This suggests that a replacement for RPN should reflect the cost of the failure mode as determined, first, from its severity, as reflected by likely cost and, second, by its frequency of occurrence, which is in turn a function of the individual chance of occurrence and number of chances. The severity can often be quantified from information on warranty costs, customer dissatisfaction and, in the case of actual harm to customers or others, liability costs. This is not to say that a monetary value can be placed on human life, but rather that an extremely high dollar value must be used to quantify the risk. Off-the-shelf methods for quantification of the chance of occurrence include reliability statistics for finished items and process performance indices for product realization, although we always need to recognize impacts of special or assignable causes as well.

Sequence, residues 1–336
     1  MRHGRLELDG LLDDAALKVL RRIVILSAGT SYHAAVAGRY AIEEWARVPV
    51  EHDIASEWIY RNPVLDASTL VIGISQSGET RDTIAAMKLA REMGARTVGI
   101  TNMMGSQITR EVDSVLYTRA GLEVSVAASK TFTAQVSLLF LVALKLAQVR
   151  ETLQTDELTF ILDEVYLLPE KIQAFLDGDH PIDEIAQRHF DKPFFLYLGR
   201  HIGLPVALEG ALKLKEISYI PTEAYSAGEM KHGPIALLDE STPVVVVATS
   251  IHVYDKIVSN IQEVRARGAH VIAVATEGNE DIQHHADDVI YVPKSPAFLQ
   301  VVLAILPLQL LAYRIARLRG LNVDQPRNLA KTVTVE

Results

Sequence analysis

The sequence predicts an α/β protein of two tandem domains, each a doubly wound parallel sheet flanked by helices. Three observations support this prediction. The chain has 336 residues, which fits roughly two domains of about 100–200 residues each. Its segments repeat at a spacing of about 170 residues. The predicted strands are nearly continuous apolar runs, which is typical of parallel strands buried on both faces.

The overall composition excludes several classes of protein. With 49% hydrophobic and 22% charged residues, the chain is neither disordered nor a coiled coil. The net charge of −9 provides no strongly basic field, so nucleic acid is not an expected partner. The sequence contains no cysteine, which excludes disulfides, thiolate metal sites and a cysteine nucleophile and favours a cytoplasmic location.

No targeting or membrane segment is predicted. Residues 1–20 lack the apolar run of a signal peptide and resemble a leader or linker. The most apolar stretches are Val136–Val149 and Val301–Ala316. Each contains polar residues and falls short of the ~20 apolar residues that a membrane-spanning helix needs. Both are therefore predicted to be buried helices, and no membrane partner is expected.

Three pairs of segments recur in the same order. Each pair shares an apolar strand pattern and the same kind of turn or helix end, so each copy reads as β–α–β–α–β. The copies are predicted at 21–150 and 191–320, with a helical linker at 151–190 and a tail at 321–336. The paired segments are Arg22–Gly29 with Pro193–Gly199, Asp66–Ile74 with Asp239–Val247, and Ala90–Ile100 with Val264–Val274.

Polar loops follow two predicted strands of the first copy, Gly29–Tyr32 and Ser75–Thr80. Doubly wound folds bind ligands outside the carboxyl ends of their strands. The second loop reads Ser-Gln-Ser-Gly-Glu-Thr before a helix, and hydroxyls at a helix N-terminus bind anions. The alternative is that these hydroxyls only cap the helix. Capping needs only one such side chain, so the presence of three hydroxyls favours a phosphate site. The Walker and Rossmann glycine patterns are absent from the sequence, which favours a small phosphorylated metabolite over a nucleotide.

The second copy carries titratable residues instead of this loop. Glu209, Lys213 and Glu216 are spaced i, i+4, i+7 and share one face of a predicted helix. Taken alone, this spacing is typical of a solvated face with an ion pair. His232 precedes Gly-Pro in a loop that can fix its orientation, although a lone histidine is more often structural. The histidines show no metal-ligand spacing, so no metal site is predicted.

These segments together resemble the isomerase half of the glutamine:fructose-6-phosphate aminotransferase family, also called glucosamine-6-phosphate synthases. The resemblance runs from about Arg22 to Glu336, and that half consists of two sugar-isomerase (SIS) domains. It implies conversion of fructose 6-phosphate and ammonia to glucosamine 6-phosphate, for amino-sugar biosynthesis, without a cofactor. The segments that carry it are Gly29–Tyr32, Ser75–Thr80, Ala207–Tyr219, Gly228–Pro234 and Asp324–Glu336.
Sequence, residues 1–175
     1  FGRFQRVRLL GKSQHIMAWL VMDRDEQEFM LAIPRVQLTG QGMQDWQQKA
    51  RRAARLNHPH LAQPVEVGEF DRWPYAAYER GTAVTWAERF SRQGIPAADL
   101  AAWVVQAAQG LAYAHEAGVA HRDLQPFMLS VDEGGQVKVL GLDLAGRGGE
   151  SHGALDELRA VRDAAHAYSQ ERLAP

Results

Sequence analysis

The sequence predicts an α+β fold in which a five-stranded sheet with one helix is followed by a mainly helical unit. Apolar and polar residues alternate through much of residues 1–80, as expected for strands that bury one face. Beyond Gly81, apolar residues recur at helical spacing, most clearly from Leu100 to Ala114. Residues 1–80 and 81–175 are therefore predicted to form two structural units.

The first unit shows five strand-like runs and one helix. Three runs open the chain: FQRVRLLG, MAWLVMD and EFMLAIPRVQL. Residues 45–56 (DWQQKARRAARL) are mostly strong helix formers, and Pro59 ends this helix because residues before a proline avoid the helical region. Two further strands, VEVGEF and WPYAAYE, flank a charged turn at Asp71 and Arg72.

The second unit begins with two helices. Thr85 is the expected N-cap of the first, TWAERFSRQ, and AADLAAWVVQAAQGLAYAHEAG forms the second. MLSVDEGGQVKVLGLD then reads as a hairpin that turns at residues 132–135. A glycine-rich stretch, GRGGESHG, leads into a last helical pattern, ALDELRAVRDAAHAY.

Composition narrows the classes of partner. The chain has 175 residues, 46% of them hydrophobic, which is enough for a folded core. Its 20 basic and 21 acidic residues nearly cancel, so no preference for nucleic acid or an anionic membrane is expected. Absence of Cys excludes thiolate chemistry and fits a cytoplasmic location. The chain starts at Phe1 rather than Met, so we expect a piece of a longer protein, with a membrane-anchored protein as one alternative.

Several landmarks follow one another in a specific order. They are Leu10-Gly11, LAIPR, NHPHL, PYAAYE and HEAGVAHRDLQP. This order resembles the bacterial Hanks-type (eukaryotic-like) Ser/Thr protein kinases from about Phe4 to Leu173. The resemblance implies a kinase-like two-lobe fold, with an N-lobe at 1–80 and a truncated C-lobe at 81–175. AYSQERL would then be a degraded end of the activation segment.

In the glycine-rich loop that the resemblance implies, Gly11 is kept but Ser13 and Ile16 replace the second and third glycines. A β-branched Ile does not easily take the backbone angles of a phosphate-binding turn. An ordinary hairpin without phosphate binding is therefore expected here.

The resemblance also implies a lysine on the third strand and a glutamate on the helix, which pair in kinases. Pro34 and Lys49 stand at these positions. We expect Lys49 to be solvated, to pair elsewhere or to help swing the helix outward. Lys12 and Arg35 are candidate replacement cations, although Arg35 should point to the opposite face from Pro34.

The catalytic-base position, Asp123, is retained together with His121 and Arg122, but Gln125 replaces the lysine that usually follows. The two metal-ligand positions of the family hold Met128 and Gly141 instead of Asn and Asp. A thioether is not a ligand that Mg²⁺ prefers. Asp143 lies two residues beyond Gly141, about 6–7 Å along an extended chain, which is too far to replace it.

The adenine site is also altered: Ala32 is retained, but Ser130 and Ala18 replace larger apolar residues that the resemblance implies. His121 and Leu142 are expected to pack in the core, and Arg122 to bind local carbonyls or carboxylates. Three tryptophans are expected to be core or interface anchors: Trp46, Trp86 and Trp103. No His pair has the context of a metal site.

The course of action is likely to depend on whether the frequency of occurrence is quantifiable. If only a subjective estimate is available, the Army’s risk assessment matrix looks ideal, and similar approaches appear elsewhere. All cross reference the severity of the failure with the likelihood of occurrence. Remember, however, that we also need to account for the frequency of occurrence; a function of the individual probability of occurrence and the exposure in terms of duration (reliability) or number of items or service actions (opportunities for nonconformity). It is often possible, however, to quantify the probability of occurrence with reliability data or process capability data. In this case, we can define a risk priority metric with basic decision theory, in which risk equals the frequency of occurrence multiplied by the likely consequences.